ORLANDO, Fla. -- President Bush, demanding "a new approach," vowed Wednesday to veto any patients' bill of rights legislation unless it strictly limits the ability of consumers to sue insurers or health maintenance organizations.
Bush's uncompromising stance on liability was clearly meant as a direct veto threat to the bipartisan legislation sponsored by Sen. John McCain, R-Ariz., Sen. Edward Kennedy, D-Mass., and Rep. John Dingell, D-Mich., the strongest patient protection legislation in Congress and the only one currently that has a strong liability provision.
Addressing a convention of cardiologists in Orlando, Bush said he finds all the current proposals objectionable but focused the brunt of his criticism on the bipartisan legislation that has won majority support in the House and has the support of all Senate Democrats and a handful of Republicans. He described it as lacking what he considers sufficient deterrence against "excess and frivolous litigation." And the resulting lawsuits, he predicted, will further drive up health care costs.
"To make sure health care coverage remains affordable, I will insist any federal bill have reasonable caps on damage awards. The caps in the proposed legislation before Congress are too high," the president said during a morning address at the 50th scientific session of the American College of Cardiology.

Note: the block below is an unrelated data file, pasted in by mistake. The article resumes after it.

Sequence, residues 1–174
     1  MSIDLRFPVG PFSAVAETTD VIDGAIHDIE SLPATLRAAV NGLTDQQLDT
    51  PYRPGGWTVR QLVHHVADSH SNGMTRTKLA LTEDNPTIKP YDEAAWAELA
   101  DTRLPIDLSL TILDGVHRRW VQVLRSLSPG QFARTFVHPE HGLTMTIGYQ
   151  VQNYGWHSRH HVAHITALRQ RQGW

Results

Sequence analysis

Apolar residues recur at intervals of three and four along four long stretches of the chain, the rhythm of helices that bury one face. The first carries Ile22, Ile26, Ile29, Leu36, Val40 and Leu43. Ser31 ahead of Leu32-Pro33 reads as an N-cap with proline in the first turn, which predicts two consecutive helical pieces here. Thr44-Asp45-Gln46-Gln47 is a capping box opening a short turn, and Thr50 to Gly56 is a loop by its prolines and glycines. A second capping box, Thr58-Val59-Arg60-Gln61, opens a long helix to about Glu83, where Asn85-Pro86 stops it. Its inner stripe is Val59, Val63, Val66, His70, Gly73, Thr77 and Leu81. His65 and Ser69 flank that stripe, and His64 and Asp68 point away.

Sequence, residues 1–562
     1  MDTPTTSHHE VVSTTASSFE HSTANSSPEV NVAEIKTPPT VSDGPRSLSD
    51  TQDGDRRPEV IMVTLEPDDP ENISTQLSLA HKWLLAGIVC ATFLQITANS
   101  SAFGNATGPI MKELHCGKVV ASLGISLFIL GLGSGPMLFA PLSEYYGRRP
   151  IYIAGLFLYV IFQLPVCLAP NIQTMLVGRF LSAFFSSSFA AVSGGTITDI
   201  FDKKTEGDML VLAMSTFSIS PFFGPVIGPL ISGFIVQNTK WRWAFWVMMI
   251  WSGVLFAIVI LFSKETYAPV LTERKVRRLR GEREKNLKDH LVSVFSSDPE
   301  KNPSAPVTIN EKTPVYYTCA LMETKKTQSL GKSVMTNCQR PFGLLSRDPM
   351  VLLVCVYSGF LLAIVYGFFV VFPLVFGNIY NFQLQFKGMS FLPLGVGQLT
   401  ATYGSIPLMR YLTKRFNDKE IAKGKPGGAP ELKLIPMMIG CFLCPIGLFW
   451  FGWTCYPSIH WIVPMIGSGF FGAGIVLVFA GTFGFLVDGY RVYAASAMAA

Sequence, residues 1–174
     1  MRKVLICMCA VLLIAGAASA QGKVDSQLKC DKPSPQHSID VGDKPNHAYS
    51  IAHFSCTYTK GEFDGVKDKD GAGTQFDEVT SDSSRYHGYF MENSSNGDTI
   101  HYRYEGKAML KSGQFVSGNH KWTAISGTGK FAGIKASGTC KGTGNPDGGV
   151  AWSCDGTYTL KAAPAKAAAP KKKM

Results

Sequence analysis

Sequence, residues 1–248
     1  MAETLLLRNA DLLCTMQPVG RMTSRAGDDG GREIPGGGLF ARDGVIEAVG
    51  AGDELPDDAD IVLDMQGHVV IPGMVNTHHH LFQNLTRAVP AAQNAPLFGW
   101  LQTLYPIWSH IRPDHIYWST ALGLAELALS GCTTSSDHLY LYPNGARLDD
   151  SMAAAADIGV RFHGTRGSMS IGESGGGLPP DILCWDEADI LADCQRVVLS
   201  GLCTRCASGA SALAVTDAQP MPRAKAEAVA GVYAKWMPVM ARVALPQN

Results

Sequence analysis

"Some proposals now before Congress fail to adequately address this problem, and would even make it worse," Bush said.
Although there is strong support in Congress for the general concept of granting patients more rights in dealing with their HMOs, there has been a tremendous lobbying effort by both employer groups and HMOs to block any plans that broaden consumer rights to recover damages if they are injured or killed by a plan's negligence. Most consumer and physician groups have said that without a strong right to recover damages, there would be no hammer to force HMOs to pay attention to consumer needs.
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